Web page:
INTERVIEWER: Would you have voted for the Civil Rights Act of 1964?
PAUL: I like the Civil Rights Act in the sense that it ended discrimination in all public domains, and I’m all in favor of that.
PAUL: You had to ask me the “but.” I don’t like the idea of telling private business owners—I abhor racism. I think it’s a bad business decision to exclude anybody from your restaurant—but, at the same time, I do believe in private ownership. But I absolutely think there should be no discrimination in anything that gets any public funding, and that’s most of what I think the Civil Rights Act was about in my mind.
INTERVIEWER: But under your philosophy, it would be okay for Dr. King not to be served at the counter at Woolworths?
PAUL: I would not go to that Woolworths, and I would stand up in my community and say that it is abhorrent, um, but, the hard part—and this is the hard part about believing in freedom—is, if you believe in the First Amendment, for example—you have too, for example, most good defenders of the First Amendment will believe in abhorrent groups standing up and saying awful things. . . . It’s the same way with other behaviors. In a free society, we will tolerate boorish people, who have abhorrent behavior.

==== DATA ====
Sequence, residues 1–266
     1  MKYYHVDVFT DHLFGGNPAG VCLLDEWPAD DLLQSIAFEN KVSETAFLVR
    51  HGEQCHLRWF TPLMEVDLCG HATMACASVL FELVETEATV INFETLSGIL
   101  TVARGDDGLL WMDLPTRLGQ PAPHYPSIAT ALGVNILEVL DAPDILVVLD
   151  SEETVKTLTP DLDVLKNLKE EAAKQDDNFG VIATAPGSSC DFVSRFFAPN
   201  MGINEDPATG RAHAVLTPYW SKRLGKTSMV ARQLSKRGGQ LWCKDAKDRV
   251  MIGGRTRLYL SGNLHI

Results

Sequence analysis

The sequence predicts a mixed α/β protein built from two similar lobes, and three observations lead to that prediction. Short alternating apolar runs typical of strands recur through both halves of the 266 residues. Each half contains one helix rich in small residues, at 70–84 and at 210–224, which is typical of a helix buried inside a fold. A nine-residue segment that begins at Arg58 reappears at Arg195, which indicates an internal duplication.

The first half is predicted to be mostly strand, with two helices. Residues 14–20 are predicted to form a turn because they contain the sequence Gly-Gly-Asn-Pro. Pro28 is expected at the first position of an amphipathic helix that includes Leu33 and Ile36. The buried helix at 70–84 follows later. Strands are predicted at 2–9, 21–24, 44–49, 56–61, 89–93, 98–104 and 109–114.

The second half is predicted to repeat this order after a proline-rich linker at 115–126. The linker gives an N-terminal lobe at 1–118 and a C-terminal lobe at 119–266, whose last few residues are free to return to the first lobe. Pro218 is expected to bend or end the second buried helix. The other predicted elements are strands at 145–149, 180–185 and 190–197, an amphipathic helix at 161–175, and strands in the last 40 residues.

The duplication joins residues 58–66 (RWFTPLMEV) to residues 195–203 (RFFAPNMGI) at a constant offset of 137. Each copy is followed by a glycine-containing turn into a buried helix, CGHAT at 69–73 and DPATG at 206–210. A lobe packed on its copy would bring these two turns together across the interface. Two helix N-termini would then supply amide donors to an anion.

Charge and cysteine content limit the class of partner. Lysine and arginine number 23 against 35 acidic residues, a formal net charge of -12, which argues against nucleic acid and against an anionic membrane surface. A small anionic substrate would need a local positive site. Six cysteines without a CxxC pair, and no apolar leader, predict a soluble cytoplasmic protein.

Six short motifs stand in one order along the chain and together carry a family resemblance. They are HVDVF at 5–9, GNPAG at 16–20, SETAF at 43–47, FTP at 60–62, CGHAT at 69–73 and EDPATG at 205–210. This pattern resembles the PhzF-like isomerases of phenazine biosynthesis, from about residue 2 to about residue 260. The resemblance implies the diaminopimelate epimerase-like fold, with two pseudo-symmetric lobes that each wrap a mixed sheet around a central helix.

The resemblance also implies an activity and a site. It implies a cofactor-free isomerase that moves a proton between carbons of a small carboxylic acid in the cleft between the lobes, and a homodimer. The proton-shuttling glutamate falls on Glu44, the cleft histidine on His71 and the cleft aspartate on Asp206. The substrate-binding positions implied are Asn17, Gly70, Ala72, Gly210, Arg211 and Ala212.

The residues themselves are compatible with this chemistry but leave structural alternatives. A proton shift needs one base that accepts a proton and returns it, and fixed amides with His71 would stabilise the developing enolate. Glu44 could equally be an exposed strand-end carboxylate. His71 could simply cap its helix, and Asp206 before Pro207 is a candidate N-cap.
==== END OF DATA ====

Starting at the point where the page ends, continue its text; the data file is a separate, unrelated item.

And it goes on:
I can typically appreciate the nuance that proper libertarians can bring to an argument, but Paul’s view here brooches the morally disgusting in at least two ways:
The first is the notion that the equal protection clause extends to insentient entities. Of course, business should be entitled to certain legal protections, but not the same ones that protect democratic participants. It is only natural that businesses and corporations have goals that are contingent upon political action, but because the decision to leverage the company’s resources for political gain will almost certainly come from the top, such a decision should not be understood as being aligned with the goals of everyone associated with the company. The notion of corporate personhood seems to be conveniently ignorant of that fact, and that, it seems to me, is where the logic behind Citizens United falls apart. Citizens working in private industry may not be, and should not be expected to be united in democratic decisions, and the contribution of unlimited funds for political free speech (advertising) gives license to autocrats with the capital to distort the marketplace of ideas, and keep the meaningful platforms for democratic expression expensive.